June 26, 2004

Experiments and Intuitions

I provoked Jonathan Weinberg into providing an account of the purpose of folk-philosophical surveys. I recommend the whole discussion there, and also Keith DeRose's responses ("Re 9") to a comment by Eddy Nahmias about similar issues.

My own position concerning Jonathan's destructive project of anti-intuitionism is that there are two things going on. One is that philosophers often use unsupported intuitions about particular cases, such as the Gettier intuitions about when justified true belief fails to be knowledge; saying perhaps "We can just see that this isn't knowledge." Here it is a good idea to figure out whether people agree with you, because the idea behind this citation of intuitions is that the extension of the word 'knowledge' is determined (at least in part) by its use in the language, and if you're making that move you need to know what that use really is.

Another is that philosophers sometimes use "intuition" as a way of saying "I just find this argument convincing." There the proper reaction to learning that someone has a different intuition is to figure out if you can persuade them to your view, or to consider their arguments and see whether they persuade you. Philosophers are known to publicly differ on this sort of intuition all the time; learning that some of the folk differ from you too shouldn't be such a shock. Perhaps if all the folk hold a certain view that gives that view a slight advantage, but it's not clear that it does more.

Jonathan, in response to a comment from Neil Levy, says that philosophers' intuitions concerning KNOWLEDGE or FREE WILL or CAUSE shouldn't be given any more weight over the folks'. I'm not quite sure whether he just means to be ruling out the first kind of case ("This is just what free will is") or the second as well. That, I think, has the potential to be self-defeating; how would such an experimentalist argue for the idea that what is important is studying what the folk think? Do we survey the folk and see what they think about that question, or do we try to convince philosophers? If the latter, how do we do that without privileging what the philosophers think is important--which is my second kind of intuition?

In case you want more of this, I'm reproducing most of my comment on Jonathan's thread below the fold.

It seems to me that there are two different uses of the word "intuition" at issue here. One comes up in Gettier-type cases--people say, "Intuitively, these cases aren't knowledge." What they mean is: There's this word "know" that everyone uses, we're competent speakers of English so we can use it, and so by looking at our intuition we are revealing facts about this ordinary word "know" that everyone uses. And I agree that that is empirically exposed, and if your purpose is to get at some non-technical sense of knowledge you'd better make sure that that's what you're getting at.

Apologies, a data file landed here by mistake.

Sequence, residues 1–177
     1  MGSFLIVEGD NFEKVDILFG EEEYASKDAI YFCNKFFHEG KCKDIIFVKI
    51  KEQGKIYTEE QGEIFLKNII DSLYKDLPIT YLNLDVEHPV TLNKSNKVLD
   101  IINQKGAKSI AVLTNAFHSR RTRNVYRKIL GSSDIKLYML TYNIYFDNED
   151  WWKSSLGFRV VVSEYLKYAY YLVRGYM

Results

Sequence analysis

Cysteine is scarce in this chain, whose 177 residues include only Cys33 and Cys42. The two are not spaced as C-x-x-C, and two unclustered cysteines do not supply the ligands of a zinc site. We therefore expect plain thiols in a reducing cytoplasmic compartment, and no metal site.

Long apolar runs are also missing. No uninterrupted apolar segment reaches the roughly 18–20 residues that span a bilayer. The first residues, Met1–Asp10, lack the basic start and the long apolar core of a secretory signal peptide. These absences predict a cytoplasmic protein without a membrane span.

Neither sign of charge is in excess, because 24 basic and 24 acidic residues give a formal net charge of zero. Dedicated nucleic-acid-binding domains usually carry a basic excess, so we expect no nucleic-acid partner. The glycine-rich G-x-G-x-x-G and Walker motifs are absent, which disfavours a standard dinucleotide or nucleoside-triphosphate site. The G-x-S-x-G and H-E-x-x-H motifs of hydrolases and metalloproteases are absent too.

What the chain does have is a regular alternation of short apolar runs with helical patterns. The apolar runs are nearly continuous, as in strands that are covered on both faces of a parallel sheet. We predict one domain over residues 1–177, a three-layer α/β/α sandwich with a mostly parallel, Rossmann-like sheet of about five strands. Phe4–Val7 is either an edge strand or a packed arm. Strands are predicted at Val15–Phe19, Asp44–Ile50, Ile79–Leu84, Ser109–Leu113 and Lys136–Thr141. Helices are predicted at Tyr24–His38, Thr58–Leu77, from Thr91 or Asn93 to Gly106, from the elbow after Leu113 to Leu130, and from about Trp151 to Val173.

But the role of "intuition" in many free will debates seems to me fundamentally different. When someone says something like "Intuitively, if you can't do otherwise you're not responsible" or "Intuitively, in the Frankfurt case Jones is responsible for his action," they're not explicate what the folk mean when they use the word "responsible"--they're trying to say what matters for responsibility. To mangle a quote from Wittgenstein, intuition is an unnecessary shuffle--it's the philosophers' way of saying "this argument works" or "this argument stinks."

One of the differences between the free will case and the knowledge case has to do with how people talk about the importance of the concept they're discussing. In Gettier cases the initial philosopher's reaction wasn't "We need this connection for knowledge to be something that's worth having," it was "Wow, this doesn't look like knowledge," with analysis of why knowledge might be worth having coming much later. In free will cases the argument always goes something like "The kind of 'freedom' that the compatibilist discusses may be well defined, but it's just not important. You couldn't really ground praise and blame on that sort of 'freedom'." And I take it that the people making that argument, if they were to discover that the folk did ground praise and blame on that sort of freedom, would say that the folk were making a mistake.

(Compare surveys showing that people think that a word is more likely to end 'ing' than to have 'n' as its next-to-last letter--no one's going to think that's right, no matter how overwhelming the survey is!)

So I don't necessarily think that compatibilists should be worried if a survey shows that most all the folk have incompatibilist intuitions. The response could be--"They haven't thought about these problems hard enough to figure out what's important to moral responsibility. We have, and we find these considerations convincing--our opinions count for more because they've been hardened in the fire of philosophical debate." Compatibilists maybe should be worried that about half the philosophers working in the field just don't see the point of their arguments, and vice versa, but that's another story....

Posted by Matt Weiner at June 26, 2004 12:30 PM